Dr. Roberto Leal Ocampo, who became a Life member of Inclusion International in October 2012, died at home in Managua after a debilitating illness. He is survived by his wife Mayu, his four sons, three daughters-in law, and 6 grandchildren.
Roberto was a revolutionary, a diplomat, a father, a leader. He left his diplomatic career to focus on supporting families of children like his son Gabriel. Gabriel’s disabilities resulted from a lack of medical attention at birth when the hospital where he was born was being attacked by government forces. He mobilized families in Nicaragua, then Central America and throughout the Americas who often referred to him as their “father”.
He was one of the founders of Los Pipitos and ASNIC in Nicaragua, CONCAPAD, the federation of associations of families in Central America, and Inclusion Inter-Americana. He served as Executive Director of Inclusion Inter-Americana and chair of the Program committee for the Inclusion International World Congress in Acapulco Mexico in 2006.
Roberto was the key architect of the 1993 Declaration of Managua which set the direction of Inclusion Inter-Americana and influenced thinking about disability as a matter of human rights in the Americas and beyond.
“To ensure social well-being for all people, societies have to be based on justice, equality, equity, inclusion and interdependence, and recognize and accept diversity. Societies must also consider their members, above all, as persons, and assure their dignity, rights, self-determination, full access to social resources and the opportunity to contribute to community life.”
The Declaration of Managua did not mention disability, but described a vision of society where every individual would be valued and supported to participate. He influenced associations of people with intellectual disabilities and their families to change communities and systems rather than provide separate and segregated services.
Roberto was a dreamer and philosopher but also a brilliant strategist. He opened doors to the Inter-American Development Bank, the World Bank, the International Foundation for Electoral Systems, and countless national presidents and multi-lateral agencies and helped build partnerships for Inclusion Inter-Americana and Inclusion International. He was invited to speak at the United Nations, prestigious universities and countless conferences. He was an unparalleled leader and inspiration to families around the world struggling for the inclusion of their sons and daughters.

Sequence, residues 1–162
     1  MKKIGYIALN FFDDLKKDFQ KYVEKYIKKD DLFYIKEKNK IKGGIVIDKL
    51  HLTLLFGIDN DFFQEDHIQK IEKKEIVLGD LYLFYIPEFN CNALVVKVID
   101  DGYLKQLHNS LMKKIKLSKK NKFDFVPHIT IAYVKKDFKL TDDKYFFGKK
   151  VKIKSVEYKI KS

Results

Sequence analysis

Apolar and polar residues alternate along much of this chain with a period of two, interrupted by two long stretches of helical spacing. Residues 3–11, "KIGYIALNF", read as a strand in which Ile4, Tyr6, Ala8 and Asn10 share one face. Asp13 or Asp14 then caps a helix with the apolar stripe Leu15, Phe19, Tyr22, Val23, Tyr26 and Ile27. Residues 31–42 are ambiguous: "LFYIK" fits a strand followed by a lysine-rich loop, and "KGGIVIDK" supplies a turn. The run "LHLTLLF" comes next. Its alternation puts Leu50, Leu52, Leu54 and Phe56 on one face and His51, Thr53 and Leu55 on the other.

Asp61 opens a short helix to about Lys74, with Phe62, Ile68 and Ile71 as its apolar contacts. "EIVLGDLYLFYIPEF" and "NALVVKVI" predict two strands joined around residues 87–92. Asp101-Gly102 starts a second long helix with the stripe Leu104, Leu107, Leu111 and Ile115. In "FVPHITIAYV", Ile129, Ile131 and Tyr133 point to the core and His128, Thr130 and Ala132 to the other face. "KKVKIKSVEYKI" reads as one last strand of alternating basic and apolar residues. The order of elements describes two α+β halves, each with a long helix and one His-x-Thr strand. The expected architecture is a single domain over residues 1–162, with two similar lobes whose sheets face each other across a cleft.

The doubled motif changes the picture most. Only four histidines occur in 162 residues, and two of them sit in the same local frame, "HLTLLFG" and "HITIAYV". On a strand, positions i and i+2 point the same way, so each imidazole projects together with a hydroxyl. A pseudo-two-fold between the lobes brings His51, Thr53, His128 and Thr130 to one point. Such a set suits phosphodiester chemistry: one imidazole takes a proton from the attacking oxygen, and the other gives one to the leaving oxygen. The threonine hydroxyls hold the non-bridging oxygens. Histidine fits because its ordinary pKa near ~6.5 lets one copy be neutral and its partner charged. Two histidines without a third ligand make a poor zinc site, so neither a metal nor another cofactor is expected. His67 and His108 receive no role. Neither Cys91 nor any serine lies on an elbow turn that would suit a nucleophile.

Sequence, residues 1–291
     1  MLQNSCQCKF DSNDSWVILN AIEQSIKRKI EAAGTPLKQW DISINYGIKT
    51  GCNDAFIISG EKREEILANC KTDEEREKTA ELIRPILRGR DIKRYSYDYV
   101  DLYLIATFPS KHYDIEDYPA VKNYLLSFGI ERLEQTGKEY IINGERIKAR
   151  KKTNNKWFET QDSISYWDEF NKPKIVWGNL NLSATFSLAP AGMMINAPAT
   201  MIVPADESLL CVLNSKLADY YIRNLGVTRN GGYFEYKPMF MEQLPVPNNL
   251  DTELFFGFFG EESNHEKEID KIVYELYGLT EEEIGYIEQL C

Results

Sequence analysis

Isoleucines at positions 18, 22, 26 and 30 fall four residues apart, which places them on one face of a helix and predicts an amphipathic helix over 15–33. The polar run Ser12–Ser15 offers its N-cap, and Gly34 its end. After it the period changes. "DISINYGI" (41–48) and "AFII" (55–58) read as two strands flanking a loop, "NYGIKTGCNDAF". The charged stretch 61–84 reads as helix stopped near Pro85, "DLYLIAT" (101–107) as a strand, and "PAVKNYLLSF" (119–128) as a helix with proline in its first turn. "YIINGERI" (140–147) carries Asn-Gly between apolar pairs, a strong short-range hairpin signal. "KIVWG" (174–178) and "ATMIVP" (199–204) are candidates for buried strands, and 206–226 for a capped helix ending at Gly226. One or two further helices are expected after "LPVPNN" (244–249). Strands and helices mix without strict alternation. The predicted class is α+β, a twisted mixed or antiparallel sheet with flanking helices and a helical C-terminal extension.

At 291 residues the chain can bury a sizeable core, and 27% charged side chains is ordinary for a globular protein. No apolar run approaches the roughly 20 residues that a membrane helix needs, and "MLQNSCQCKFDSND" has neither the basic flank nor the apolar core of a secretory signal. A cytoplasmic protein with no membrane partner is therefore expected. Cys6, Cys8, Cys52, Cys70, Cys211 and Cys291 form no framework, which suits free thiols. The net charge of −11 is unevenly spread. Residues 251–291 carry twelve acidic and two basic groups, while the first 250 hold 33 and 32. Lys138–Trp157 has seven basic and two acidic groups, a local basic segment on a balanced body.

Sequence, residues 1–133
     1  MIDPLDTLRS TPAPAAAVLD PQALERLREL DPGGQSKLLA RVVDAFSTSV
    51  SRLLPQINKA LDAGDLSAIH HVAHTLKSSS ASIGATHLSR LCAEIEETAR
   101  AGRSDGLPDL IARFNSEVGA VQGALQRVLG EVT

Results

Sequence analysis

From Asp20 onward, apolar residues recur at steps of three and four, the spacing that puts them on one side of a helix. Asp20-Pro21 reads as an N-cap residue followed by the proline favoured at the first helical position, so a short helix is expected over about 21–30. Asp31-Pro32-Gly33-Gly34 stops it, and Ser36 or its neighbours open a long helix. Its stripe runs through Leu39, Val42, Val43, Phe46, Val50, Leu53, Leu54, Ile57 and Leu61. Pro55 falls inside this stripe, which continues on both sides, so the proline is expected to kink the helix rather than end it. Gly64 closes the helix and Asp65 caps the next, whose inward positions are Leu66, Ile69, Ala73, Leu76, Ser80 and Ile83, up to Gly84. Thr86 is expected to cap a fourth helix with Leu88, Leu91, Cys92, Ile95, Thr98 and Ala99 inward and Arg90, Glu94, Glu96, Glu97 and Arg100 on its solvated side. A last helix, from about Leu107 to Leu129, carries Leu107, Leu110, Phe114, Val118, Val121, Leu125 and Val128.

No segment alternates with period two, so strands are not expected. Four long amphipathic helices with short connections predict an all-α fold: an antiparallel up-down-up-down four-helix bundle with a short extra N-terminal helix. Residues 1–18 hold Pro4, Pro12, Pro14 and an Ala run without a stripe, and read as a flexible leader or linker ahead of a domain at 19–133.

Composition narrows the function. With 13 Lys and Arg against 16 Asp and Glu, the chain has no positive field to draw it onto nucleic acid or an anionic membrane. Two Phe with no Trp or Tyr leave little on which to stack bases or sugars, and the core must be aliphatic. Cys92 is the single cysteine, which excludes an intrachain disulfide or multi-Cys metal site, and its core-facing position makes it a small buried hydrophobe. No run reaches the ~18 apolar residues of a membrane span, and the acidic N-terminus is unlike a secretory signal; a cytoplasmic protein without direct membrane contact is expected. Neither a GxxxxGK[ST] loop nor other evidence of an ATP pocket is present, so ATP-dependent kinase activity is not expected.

In recent years Roberto returned to his career as a diplomat. His funeral was a testament to the role he played in the lives of family, friends and his country. A funeral mass was celebrated by the Pope’s nuncio in Nicaragua who spoke about his friendship with Roberto and how Roberto had been the one to explain the complexity of Nicaragua to him and to share his contagious love of his country.
The funeral ended with a tribute from the Nicaraguan singer Luis Enrique Mejia Godoy who mentioned how Roberto had taught him about people with disabilities through his work in Nicaragua and with Inclusion International. He ended the service singing, Nicaragua, Nicaraguita, his famous tribute to Nicaragua’s freedom. Roberto had inspired Luis Enrique to write and dedicate the song Atreveté – Dare—to Inclusion International.
Following the funeral, all diplomatic life in Managua came to a standstill as Roberto was honoured at the Ministry of Foreign Affairs. The staff of the Ministry lined the route from the entrance and his coffin was brought to a room filled with dignitaries and ambassadors. The Minister of Foreign Relations spoke of how as a young man Roberto had been instrumental in creating the ministry and designing its structures and how he continued to represent his country well both as an ambassador and senior official.
Roberto’s funeral demonstrated Roberto’s connection to people from all walks of life. Floral tributes came from Inclusion International, President Daniel Ortega and his wife Rosario Murillo, several embassies, and his “compañeros” of the 80’s, the group of 20 people with whom he worked after the Sandinista revolution to design a new form of government to replace the previous regime. But he was also mourned by countless families who had been supported by him and helped by his counsel and actions.
The birth of his son Gabriel broadened his perspective on human rights from a focus on civil and political rights to a recognition of the indivisibility of all rights and the need to respect and support diversity. His work both in professional and volunteer capacities was committed to advancing a vision of inclusion of diversity in democratic processes to contribute to lasting peace.